Flutter Deep Dive, Part 2: “RenderFlex children have non-zero flex…”

Deep Dive Part 2, by Scott Stoll. Twitter: @scottstoll2017

This article is part of a four-part series. You can find the others here:

This article is part of a four-part series. You can find the others here:

Welcome to Part 2 of our series on dealing with RenderFlex and other, similar errors in Flutter. Here, we’re going to take a look at the basic “conversation” that goes on during layout, get an overview of Flutter’s “three layer cake” and I’ll give you an introduction to the Widgets that we’ll be digging into a lot more in Part 3.

So grab a drink (and maybe some headache medication) and let’s get started!

Taking the Plunge

Going Deep (Image CC-0)

In Part 1 we waded into the baby pool, but here we’re going a lot deeper. I can think of no better place to start than by explaining what’s happening in terms that can be understood by a human being.

First, you want to understand there are a few Widgets that rely on others to tell them what size to be. Some of these Widgets are Flex, Column, Row, SingleChildScrollView and List.

When laying out UI elements in Flutter, there is a kind of “conversation” that goes on. Let’s take a look…

In our example, we have three Widgets. The first is “Parent”. Parent has both a Child and a Grandparent. Parent is one of the Widgets that need to be told what size to be because, just like a real parent, it has no idea what’s going on.

  • Grandparent to Parent: “How big do you want to be? You can be as big as you want, all the way to infinity.”
  • Parent to Grandparent: “Let me get back to you on that.”
  • Parent to Child: “What size do you want to be?”
  • Child to Parent: “I want to be as big as I possibly can, make me to the biggest size you can let me be!”

Parent is confused and looks at the ground. Grandparent didn’t tell it what size to be, Child didn’t tell it what size to be either, and the only thing in the try/catch block is a three-month-old comment from Bill about Taco Tuesday.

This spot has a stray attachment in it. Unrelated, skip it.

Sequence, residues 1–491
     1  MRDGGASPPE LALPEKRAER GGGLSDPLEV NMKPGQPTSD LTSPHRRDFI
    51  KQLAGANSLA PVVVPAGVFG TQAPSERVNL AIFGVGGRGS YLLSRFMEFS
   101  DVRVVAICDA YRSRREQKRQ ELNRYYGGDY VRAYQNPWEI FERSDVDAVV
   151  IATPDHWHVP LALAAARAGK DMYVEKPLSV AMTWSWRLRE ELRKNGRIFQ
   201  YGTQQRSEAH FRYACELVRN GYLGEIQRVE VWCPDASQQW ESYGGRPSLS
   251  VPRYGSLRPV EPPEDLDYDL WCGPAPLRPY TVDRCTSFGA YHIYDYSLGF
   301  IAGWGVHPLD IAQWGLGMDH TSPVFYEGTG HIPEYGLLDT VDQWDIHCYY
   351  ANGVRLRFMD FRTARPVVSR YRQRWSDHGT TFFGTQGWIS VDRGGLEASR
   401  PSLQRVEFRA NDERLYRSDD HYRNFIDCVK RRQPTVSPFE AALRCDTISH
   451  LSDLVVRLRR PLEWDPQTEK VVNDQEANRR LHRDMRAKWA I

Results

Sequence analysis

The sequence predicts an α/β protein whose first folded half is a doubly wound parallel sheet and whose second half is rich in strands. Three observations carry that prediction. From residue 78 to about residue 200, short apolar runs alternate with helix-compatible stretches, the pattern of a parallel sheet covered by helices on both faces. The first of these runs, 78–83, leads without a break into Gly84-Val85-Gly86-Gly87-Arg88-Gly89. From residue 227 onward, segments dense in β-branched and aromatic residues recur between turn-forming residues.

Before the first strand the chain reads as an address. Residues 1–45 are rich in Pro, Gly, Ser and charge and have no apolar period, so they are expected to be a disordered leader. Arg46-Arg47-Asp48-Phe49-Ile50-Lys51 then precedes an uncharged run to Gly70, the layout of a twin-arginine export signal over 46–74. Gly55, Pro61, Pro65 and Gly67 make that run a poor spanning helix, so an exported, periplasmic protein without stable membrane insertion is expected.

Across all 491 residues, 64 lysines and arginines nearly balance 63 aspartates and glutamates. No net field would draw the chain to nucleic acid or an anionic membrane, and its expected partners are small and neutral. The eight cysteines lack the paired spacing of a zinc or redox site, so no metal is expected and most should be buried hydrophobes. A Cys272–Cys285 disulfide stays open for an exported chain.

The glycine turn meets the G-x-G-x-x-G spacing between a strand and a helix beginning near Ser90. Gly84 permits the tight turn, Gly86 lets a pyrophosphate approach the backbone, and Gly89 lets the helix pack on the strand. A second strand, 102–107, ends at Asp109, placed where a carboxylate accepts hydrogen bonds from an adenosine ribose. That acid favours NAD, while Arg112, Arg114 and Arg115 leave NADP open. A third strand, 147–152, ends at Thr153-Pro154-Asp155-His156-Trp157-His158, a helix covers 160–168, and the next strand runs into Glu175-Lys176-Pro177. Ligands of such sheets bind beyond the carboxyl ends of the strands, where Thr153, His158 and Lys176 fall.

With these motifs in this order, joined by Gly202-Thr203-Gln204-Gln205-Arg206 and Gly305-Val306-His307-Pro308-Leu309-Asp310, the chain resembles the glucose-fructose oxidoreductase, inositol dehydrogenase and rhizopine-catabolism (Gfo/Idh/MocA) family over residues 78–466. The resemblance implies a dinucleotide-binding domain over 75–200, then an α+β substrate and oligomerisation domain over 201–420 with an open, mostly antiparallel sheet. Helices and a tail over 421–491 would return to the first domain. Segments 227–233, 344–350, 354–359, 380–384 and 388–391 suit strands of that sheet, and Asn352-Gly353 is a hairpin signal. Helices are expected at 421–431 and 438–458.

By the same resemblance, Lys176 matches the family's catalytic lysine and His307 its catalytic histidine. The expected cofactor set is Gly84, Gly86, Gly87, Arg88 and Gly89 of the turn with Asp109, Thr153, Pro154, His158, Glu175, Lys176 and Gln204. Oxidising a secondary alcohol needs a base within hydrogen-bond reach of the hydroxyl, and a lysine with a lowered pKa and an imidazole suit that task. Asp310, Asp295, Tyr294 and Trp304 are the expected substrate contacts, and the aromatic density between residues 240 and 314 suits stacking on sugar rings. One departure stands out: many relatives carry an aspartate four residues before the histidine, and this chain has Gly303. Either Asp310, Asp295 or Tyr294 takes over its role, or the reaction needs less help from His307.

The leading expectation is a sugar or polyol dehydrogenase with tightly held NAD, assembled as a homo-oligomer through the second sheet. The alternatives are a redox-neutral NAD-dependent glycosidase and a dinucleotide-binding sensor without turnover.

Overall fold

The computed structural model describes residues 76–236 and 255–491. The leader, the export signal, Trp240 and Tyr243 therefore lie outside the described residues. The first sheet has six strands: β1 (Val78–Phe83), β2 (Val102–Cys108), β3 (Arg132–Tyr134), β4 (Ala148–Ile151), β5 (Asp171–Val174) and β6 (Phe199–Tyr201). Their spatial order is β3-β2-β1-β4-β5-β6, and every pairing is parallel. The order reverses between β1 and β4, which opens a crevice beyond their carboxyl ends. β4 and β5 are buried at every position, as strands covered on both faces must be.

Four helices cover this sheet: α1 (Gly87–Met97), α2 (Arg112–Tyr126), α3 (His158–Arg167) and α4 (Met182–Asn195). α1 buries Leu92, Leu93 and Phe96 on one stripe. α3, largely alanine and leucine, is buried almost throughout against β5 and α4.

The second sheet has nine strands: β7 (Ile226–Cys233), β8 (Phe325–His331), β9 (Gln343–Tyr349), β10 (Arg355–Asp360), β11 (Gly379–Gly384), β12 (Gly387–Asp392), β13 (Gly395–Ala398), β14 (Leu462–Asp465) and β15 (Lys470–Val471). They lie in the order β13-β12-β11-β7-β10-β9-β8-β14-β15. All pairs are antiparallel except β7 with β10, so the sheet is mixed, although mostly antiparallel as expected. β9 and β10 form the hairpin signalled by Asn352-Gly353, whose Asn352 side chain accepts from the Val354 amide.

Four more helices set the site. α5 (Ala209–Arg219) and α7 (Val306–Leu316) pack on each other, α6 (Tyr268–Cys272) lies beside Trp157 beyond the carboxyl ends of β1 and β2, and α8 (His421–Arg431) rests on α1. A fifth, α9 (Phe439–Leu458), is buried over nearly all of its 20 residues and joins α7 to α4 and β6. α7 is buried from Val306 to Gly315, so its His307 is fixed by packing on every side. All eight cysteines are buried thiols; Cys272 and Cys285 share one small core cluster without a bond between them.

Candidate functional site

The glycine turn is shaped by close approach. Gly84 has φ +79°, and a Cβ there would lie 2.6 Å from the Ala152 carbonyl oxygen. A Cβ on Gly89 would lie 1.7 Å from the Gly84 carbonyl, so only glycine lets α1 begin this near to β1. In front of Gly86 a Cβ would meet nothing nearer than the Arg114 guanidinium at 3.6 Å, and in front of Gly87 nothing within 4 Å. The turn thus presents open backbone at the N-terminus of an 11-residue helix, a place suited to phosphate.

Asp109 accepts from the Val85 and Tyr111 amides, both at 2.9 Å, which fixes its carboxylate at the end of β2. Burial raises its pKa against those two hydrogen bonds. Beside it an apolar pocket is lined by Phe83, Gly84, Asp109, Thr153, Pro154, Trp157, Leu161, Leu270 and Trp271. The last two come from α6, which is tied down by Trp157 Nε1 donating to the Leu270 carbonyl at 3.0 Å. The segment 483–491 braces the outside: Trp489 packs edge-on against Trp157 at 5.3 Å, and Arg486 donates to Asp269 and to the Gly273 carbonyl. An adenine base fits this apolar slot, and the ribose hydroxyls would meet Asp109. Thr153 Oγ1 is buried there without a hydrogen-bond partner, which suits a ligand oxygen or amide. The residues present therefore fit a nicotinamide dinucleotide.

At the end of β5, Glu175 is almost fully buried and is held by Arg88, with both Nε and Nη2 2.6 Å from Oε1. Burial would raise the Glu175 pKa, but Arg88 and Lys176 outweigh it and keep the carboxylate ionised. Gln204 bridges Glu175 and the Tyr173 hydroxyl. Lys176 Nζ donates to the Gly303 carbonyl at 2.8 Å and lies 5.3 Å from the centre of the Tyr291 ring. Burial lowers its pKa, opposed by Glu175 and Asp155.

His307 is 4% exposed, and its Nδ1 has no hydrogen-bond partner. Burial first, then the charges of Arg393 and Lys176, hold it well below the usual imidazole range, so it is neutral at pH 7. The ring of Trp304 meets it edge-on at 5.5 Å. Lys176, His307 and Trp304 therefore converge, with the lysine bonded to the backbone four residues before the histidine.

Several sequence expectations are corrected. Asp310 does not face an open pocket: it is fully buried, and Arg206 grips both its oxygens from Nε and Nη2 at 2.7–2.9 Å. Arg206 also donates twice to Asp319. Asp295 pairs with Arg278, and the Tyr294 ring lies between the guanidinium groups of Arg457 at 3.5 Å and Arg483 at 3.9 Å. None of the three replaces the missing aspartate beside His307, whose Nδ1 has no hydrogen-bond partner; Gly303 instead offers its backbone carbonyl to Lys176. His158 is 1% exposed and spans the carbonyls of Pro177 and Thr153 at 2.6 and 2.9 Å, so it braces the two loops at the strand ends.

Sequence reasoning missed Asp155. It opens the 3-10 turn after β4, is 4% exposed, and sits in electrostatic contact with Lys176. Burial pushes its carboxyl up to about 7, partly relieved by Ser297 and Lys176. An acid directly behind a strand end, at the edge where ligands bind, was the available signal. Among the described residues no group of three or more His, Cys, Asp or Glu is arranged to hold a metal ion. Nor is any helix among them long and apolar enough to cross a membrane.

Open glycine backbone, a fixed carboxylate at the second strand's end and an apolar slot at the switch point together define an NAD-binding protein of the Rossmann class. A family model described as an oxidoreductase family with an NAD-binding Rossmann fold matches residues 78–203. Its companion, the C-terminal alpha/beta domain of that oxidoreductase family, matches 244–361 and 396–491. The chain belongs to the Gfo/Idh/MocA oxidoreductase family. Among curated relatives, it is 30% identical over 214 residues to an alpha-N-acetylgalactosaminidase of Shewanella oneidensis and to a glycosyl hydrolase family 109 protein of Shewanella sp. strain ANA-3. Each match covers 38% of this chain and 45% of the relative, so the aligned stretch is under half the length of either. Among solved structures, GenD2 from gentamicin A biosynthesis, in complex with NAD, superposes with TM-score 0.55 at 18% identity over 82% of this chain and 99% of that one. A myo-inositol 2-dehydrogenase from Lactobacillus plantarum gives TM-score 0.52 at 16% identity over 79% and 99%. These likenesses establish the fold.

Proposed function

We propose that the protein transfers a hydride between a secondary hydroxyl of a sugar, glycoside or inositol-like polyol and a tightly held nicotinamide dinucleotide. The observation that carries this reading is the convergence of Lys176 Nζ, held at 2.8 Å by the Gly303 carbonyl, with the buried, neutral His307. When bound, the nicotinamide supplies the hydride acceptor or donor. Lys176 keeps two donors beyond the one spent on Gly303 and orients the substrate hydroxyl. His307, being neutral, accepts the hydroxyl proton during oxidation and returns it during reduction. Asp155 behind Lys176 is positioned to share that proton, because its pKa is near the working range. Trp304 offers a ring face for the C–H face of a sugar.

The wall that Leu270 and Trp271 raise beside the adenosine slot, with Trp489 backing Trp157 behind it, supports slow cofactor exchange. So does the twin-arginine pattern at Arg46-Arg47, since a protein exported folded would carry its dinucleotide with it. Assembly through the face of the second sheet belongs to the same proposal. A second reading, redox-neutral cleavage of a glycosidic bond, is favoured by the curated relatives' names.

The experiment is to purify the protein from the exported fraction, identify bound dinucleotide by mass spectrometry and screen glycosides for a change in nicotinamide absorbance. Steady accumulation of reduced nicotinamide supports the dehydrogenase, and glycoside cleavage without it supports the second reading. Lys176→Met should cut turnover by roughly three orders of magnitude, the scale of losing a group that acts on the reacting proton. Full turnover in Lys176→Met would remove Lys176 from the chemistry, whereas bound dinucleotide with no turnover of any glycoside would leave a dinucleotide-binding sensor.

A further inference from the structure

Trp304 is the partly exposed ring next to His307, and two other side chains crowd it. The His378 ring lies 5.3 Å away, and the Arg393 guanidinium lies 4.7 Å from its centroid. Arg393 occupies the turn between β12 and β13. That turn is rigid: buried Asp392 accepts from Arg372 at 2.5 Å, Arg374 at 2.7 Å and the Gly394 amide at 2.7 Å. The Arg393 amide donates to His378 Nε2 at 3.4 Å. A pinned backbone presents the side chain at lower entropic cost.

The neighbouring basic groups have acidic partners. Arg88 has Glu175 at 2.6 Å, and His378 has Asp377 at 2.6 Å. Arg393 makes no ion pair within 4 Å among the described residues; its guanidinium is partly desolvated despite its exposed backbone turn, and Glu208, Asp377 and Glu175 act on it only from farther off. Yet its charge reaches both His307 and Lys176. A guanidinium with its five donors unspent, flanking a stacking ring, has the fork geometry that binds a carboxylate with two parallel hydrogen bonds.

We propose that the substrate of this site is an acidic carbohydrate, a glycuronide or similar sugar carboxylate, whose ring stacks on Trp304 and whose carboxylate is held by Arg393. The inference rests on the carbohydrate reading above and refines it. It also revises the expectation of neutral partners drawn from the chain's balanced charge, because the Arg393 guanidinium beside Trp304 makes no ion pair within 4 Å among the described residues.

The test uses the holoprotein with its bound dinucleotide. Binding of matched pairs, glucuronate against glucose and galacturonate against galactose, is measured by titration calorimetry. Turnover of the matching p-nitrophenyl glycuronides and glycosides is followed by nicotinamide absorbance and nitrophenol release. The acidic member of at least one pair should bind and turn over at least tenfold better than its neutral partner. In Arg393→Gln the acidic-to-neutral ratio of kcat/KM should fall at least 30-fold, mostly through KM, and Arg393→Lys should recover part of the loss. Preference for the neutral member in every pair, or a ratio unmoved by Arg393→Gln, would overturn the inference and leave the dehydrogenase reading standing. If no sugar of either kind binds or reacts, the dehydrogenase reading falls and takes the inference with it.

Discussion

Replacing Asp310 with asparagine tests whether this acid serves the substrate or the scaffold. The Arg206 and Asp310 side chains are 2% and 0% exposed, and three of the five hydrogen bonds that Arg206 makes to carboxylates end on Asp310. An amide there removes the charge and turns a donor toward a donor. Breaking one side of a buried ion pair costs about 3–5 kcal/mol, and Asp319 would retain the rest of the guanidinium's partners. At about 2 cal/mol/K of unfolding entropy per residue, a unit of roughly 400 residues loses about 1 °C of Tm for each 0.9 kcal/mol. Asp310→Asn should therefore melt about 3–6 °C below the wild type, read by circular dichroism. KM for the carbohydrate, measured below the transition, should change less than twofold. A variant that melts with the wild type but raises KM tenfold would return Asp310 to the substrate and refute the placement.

This is when the Magic Smoke leaks out of your laptop, the screen goes black and your test device displays “the red screen of death”.

What’s happening is the child wants to “flex” to infinity (children have non-zero flex) and the Grandparent says it can be as big as it wants to be (but incoming height constraints are unbounded).

Does this make a little more sense now? Good. Now that you have a grasp of the basics, tie a rope around your waist and let’s really dive down the rabbit hole.

Under the Hood

I’m assuming you already know about the Widget, Element and Render layers but, if not, here’s the tl;dr version of “Flutter’s Three Layer Cake”:

  • The Widget layer contains Widgets, which are like blueprints for whatever you want to make.
  • The Element Layer is where you find the Elements that are sort of skeletal representations you build from each Widget. They’re like mockups or empty shells. An Element only contains a Type and, if there is one, a Key. During the process of rendering each frame, you’re going to check to see if the Widget for this frame still matches up with the Element from the last frame. If they match, then you can just leave it alone and move on. If they don’t match, then you set a flag for the Garbage Collector to come and destroy it so you can build a new one later.
  • The Render layer contains the objects that Android and iOS devs would most closely associate with “Views” (Android and iOS don’t really have an equivalent to the Widget or Element layers). Render Objects are (basically) created from the Elements and only get changed when needed.

There’s a lot more to it than that but, for this article, we don’t need to go into any more detail. If you want to go digging into the Widget, Element and Render layers, then I suggest you start with “Flutter, what are Widgets, RenderObjects and Elements?”, by Norbert Kozsir.

To misquote Shakespeare: “A Rose, is a Rose, is a Turkey Sandwich”

There are three things you want to make sure you understand when dealing with Rows and Columns:

  • Flex
  • Flexible
  • FlexFit

<sarcasm alert>

These are easy to keep straight in your head:

  • One is a multi-child layout widget that takes multiple children.
  • The second is classified as a multi-child layout widget but actually won’t take more than one child. (Wait, what?!?)
  • The third determines how the second fits into the first, determining the size of the first. But, because there are outside factors telling it to sit down and shut up, it really doesn’t do much of anything… well, except keep the second from trying to force the first to be bigger than you can imagine (you know, like “the Force” in Star Wars). So, in a way, I guess it does help determine the size of the first… but not really.

See how easy that was!

</sarcasm alert>

(That’s a joke, people… It’s confusing as hell.)

It’s also where we’re going to pick things back up in Part3. See you there!

You can stalk the author on Twitter at https://twitter.com/scottstoll2017